Normally I'd agree, but those two brick red ones in the original photo are horrors which either gradually loose value or go short circuit at the drop of a hat. I'd get 'em out ASAP. The rest you can probably leave.
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Old 8th Feb 2018, 10:00 am   #14
PJL
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Default Re: Cambridge P40

Lucky guess and pleased to hear it is working again.
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Old 8th Feb 2018, 3:29 pm   #15
keith2018
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Default Re: Cambridge P40

As studio263 mentions, and I've read a number of similar comments about those particular components they don't appear to have a very good track record. I'm going to replace both and as I'm doing that I'll also replace the 2x 6800mf mentioned above - a very close look underneath those shows a dark ring on the board around part of the circumference of one - I'm confident I can replace them all with no issues.

I'll report back when it's done.
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Old 8th Feb 2018, 7:40 pm   #16
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Default Re: Cambridge P40

Showing my age, the first thing I thought of when 'P40' was mentioned was the slimline 1970 original (I use a T55 tuner daily in my workroom). I believe the later model from the 80's was a goodie though and worth sorting out. the fact that the amp works both channels in 'mono' suggests to me the power amp sections and power supply components are fine (the blowing fuse may not be a problem although a component in the preamp going short momentarily may have caused the blow, but I'm guessing obviously here).

I don't know if anyone feels this is a possible course of action, but trace and check from the input to mono switch. It could be a shorting cap or blown transistor?
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Old 9th Feb 2018, 8:13 am   #17
Craig Sawyers
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Default Re: Cambridge P40

Quote:
Originally Posted by sortedradio View Post
The good thing is that you have a working channel as a reference. I believe the schematic is available F.O.C. here https://elektrotanya.com/cambridge-a.../download.html

Martin
Nope - that is the schematic of the original, late 60's, Design Award winning P40, the innards of which look nothing like the OP's. The original was designed by Gordon Edge and Pete Lee, and Cambridge Audio was set up by Gordon to commercialise the design.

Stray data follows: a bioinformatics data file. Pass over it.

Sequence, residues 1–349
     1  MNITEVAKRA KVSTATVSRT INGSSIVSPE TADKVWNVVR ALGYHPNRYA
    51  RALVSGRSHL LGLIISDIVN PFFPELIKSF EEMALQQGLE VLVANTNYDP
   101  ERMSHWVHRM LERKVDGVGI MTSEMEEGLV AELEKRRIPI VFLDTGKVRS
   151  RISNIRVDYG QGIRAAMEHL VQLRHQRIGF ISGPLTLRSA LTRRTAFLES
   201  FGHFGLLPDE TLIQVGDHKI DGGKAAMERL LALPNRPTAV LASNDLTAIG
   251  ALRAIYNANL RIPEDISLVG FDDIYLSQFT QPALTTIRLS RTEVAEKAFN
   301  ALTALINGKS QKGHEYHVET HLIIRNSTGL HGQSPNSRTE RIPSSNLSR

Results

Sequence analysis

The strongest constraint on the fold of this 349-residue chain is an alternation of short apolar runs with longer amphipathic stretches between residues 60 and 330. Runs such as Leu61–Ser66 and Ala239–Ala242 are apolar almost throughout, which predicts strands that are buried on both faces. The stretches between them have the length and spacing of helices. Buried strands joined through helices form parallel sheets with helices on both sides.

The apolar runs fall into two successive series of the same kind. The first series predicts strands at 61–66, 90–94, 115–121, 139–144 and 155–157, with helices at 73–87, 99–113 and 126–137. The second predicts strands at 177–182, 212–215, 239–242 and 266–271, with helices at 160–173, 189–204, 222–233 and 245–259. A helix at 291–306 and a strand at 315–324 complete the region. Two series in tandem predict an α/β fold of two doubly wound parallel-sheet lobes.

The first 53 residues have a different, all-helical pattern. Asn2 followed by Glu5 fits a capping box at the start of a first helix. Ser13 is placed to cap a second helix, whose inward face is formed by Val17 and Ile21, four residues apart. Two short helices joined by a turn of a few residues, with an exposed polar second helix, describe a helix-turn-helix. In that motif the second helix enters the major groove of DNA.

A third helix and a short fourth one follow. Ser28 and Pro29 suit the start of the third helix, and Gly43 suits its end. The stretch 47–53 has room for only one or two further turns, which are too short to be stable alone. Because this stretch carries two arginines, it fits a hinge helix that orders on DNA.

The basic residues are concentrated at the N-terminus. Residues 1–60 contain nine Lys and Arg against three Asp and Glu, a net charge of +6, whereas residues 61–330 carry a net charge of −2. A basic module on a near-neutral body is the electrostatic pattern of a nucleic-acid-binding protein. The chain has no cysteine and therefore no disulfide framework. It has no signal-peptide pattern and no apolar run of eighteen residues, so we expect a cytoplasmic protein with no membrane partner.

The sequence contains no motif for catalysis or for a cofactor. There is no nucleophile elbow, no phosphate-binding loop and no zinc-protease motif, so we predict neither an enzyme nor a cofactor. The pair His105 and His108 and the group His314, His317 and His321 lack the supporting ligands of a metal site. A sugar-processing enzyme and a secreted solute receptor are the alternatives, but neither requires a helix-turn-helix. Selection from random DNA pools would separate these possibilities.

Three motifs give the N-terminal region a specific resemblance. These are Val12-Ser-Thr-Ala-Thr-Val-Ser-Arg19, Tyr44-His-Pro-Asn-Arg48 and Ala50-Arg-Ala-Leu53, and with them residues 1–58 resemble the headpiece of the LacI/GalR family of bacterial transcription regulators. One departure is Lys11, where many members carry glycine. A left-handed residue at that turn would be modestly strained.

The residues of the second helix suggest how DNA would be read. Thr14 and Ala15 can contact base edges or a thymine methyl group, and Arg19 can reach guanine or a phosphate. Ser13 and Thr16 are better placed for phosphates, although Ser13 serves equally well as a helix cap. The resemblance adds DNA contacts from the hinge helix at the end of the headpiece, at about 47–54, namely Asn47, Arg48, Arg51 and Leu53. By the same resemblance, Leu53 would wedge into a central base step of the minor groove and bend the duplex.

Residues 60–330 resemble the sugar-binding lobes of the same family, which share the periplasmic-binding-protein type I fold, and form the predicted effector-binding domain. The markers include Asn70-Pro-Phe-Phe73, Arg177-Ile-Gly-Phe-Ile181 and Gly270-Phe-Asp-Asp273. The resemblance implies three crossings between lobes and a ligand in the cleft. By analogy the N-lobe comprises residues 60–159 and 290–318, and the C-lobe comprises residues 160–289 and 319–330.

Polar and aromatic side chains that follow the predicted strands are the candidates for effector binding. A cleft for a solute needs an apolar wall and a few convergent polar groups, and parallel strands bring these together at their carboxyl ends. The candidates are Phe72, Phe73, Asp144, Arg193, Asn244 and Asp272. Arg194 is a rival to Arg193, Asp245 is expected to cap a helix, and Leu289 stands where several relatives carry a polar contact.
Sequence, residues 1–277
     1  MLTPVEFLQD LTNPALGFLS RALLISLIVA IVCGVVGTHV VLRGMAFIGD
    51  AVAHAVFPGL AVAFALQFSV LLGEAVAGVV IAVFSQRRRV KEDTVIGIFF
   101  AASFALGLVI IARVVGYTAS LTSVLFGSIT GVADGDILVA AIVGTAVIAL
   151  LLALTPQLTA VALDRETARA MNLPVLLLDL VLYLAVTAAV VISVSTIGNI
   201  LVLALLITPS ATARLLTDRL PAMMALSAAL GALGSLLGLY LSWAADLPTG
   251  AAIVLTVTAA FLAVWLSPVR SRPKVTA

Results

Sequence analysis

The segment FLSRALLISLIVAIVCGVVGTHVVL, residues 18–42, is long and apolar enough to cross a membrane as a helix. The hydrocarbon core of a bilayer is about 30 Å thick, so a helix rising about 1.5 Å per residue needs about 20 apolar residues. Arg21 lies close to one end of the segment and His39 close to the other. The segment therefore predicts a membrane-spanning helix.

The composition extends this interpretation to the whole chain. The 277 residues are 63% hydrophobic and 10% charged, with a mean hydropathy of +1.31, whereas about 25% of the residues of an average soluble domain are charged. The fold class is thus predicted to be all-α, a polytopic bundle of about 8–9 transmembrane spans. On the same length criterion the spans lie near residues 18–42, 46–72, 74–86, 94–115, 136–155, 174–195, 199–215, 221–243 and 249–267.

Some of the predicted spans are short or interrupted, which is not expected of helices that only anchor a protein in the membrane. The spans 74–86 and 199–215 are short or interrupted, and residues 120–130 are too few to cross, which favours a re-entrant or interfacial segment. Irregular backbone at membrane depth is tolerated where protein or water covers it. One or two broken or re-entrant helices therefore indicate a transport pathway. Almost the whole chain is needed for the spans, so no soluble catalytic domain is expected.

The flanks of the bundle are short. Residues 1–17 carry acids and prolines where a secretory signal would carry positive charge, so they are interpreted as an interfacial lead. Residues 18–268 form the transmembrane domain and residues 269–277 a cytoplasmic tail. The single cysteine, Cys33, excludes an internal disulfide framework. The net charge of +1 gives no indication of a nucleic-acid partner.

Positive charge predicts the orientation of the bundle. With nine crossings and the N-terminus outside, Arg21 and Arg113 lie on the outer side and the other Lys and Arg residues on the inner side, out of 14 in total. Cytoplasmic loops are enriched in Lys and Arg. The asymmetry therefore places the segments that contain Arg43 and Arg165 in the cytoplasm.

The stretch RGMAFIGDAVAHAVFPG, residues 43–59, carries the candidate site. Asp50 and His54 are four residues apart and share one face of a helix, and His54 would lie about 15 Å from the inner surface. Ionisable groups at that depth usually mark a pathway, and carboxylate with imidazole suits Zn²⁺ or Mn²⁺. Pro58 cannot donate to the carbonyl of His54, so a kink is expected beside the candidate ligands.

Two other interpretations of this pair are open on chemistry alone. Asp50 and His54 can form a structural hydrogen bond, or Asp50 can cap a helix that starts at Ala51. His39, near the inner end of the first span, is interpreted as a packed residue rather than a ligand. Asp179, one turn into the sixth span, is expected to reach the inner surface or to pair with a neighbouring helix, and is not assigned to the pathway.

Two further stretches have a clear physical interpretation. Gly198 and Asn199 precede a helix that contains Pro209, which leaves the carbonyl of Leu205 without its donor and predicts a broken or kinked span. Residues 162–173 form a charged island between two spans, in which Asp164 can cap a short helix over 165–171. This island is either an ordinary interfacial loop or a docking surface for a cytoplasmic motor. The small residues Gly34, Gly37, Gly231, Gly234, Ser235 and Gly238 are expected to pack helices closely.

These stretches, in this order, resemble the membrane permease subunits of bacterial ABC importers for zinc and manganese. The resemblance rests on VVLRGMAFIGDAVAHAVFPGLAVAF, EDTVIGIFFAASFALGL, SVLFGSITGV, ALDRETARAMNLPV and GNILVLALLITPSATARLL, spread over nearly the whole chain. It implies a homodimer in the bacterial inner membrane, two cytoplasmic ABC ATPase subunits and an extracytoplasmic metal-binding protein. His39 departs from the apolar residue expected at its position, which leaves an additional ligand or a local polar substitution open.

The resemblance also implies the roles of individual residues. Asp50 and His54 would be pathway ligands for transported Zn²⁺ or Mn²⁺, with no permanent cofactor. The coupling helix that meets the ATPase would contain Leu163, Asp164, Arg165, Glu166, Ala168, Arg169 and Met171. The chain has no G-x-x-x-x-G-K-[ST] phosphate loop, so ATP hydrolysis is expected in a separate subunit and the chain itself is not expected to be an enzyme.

The OP's P40 dates from when Stan Curtis was running Cambridge Audio back in the 1980's. I inherited the remains of the company back in the early 1990's after it had gone bust, I think for the second time, and we (Wharfedale) bought it from the receiver as a going concern. And they were still making product with single sided boards, even at that stage (although in FR4 and not SRBP).

Cambridge Audio is now in the safe hands of Richer Sounds, and I have to say make superb gear under the brand.

Craig
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Old 9th Feb 2018, 11:34 am   #18
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Default Re: Cambridge P40

Yes, Richer era Cambridge Audio stuff is very decent no nonsense hifi and sold at a good price.
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Old 14th Feb 2018, 6:08 pm   #19
keith2018
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Default Re: Cambridge P40

Hi all,

Cap's replaced as detailed. Servisol on anything that moves and I also re-soldered all the switches. It's all good.

It's a vintage system - but it sounds great:

Marantz 65DX CD Player, Tannoy Mercury MK11 Speakers and I've added an old DVD Player to AUX as I can get 700+ MP3 tracks on a single DVD, admittedly at a lower sound quality.

Thanks again for all the kind assistance,

Keith.
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Old 14th Feb 2018, 8:56 pm   #20
Edward Huggins
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Default Re: Cambridge P40

That's a super vintage system - great Tannoys!